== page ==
Trout Fishing and BBQ
The path along the river is treacherous. Fallen trees, thick brush make it a hard trek. An hour in another bite. A flash in between two underwater stumps. It misses the lure. Cast again this time fish on. A small pike. Does not deserve the landing net. Release him. 5 meters further the a deeper patch, another bite and another pike. Looks identical to the last one. Keep on moving. Another 2 hours of casting gives no results. River is quite. Cycle the lures again, nothing. Decide to stick to the Humpback since it already produced results. And soon enough this decision pays of. A tree with flow carving out the bank under it. It takes around 5-6 casts for the bite to come. The fish feels bigger. I drag him out of the deep. Only way it can go is down river were the is no water so the trout changes direction to go straight into my landing net. The terrain was in my favor. The seasons biggest at 41cm. Some pics and let it back. It shoots back into hiding. The treble hooks look like they got into a fight amongst themselves. Content with the results I decide to head home. Walking back to the car had me think. Is a pike population necessary to cull smaller trout. Thus leaving more food for the remaining to grow larger in size?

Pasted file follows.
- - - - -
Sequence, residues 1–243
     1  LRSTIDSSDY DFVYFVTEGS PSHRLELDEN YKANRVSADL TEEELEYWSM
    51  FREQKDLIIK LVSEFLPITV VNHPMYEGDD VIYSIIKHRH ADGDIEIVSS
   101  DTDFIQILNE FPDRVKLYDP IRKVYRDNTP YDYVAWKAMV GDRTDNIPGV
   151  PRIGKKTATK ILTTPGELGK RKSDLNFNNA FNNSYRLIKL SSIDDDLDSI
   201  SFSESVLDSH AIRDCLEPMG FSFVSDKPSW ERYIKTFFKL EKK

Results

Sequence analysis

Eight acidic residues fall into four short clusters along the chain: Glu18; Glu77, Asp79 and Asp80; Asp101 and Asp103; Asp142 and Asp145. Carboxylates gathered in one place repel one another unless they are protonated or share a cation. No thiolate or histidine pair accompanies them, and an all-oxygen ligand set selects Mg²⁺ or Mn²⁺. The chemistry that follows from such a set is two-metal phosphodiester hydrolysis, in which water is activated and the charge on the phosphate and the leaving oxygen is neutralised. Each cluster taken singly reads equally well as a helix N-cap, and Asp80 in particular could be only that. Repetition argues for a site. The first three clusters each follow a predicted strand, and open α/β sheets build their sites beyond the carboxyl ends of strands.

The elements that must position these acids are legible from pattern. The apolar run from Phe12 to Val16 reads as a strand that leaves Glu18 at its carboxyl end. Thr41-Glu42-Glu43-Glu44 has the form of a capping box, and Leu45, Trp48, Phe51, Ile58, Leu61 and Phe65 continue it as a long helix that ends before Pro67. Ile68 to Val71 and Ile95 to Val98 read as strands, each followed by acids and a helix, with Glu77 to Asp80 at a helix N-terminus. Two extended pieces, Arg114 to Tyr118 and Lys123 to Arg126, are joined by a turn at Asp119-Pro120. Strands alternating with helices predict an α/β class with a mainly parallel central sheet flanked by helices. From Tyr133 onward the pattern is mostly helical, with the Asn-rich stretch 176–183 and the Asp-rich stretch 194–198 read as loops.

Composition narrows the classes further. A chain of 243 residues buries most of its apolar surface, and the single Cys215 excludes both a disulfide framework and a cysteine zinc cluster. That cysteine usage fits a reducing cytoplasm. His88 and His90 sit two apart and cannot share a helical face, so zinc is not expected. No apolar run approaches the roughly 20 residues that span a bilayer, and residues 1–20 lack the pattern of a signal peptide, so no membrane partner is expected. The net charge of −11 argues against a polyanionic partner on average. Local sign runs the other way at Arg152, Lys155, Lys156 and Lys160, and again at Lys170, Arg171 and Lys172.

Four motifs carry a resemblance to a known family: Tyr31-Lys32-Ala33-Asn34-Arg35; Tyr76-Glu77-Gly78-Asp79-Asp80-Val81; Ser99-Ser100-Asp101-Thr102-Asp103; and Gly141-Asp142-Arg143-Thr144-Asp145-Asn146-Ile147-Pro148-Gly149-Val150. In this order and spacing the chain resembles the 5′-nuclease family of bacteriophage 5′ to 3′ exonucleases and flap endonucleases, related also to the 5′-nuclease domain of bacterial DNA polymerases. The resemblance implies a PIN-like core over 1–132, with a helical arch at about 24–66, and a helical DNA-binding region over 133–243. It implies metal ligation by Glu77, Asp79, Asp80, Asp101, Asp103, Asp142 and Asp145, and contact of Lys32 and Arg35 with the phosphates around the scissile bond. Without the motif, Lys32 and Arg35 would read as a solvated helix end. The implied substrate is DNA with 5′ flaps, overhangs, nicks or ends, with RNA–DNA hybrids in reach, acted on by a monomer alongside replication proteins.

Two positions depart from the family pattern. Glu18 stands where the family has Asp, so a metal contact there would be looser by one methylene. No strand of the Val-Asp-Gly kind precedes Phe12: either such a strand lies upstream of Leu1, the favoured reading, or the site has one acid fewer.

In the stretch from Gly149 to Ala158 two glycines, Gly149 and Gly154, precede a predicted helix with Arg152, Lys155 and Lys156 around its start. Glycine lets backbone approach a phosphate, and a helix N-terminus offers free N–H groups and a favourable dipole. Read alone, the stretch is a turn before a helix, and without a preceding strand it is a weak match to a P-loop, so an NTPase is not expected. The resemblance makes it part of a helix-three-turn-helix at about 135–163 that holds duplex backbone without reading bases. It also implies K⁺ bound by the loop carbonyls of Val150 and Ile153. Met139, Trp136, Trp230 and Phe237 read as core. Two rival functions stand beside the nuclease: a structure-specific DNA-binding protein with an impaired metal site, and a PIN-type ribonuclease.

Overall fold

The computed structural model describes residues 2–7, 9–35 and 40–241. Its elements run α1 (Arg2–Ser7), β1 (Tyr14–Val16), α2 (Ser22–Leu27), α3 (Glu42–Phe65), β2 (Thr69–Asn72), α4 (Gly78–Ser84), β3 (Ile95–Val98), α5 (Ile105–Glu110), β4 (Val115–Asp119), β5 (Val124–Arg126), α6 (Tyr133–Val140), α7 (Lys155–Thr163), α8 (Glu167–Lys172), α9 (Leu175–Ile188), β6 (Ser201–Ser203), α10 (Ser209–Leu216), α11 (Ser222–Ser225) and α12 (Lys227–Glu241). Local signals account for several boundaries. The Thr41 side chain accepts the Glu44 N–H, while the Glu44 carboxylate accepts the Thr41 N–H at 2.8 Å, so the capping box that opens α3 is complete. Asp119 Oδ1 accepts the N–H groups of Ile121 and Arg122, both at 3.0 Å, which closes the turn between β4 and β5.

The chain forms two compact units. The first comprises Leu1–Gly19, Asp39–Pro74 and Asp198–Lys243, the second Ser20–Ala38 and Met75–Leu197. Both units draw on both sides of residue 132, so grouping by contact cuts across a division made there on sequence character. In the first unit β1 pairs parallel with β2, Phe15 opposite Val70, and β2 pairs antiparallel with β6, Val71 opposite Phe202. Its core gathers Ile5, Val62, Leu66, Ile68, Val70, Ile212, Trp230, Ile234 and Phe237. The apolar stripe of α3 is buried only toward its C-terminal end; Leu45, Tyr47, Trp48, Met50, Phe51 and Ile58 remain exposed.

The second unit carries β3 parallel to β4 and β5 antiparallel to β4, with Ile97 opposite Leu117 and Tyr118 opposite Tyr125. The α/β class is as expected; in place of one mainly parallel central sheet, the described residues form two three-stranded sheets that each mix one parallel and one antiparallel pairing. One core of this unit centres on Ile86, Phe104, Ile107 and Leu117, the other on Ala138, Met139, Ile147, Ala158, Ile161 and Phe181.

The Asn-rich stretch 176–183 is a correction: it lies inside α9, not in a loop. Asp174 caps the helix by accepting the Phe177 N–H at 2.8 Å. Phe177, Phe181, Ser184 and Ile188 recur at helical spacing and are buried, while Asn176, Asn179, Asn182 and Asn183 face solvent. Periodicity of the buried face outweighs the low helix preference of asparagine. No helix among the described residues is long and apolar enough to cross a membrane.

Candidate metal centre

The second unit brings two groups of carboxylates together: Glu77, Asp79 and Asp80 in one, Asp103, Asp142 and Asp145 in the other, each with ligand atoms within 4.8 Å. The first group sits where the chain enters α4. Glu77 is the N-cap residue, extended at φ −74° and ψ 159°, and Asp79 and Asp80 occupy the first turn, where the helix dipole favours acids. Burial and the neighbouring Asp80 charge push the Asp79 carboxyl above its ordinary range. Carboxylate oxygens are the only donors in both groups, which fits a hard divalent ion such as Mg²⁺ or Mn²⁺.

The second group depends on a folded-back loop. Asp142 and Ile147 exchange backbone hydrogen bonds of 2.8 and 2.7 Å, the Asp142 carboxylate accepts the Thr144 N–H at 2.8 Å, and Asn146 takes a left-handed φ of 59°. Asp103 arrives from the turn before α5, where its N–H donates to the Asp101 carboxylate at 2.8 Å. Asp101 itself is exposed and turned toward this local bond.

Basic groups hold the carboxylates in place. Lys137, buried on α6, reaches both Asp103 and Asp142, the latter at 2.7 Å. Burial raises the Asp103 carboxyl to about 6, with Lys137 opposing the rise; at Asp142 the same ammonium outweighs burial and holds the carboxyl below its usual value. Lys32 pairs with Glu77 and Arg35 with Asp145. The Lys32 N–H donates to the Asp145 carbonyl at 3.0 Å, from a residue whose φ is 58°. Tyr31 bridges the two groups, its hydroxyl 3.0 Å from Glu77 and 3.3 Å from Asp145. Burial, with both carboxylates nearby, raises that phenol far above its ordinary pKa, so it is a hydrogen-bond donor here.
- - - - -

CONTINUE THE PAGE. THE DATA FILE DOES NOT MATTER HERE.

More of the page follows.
Part two of this story. The idea was to get to my car and have a nice BBQ dinner then head home. I had a disposable grill which was useless. Not enough coals to cook the meat threw. As I am waiting for the coals to burn. From the road ahead an old man slowly walks. He approaches me and straight away invites me to his home to cook the meat on a proper BBQ. Got a bit lost, since the offer was so frank and simple. But the meat was not cooking and I was hungry so why not. He takes the grill with the meat and tells me to follow. I cross the dodgy bridge 20m up the road a old but well kept summer home. He brings out a proper BBQ and we get acquainted. He is a retired 68 year old furniture maker by the name of Vytautas. We setup the grill and chat while we wait for the wood to burn. I prep the meat on the stakes and we continue to share stories. The meat is ready and he brings some plates and utensils. As we share a meal he tells me about his life and how he served in the soviet army in the 70s. He even brings out an old album. We chat some more and I thank him for the invitation and conversation. He invites me to come by any time I am fishing in the area. As I drive away I have a smile on my face about the whole experience. Living in the city you forget how kind and simple country folk are.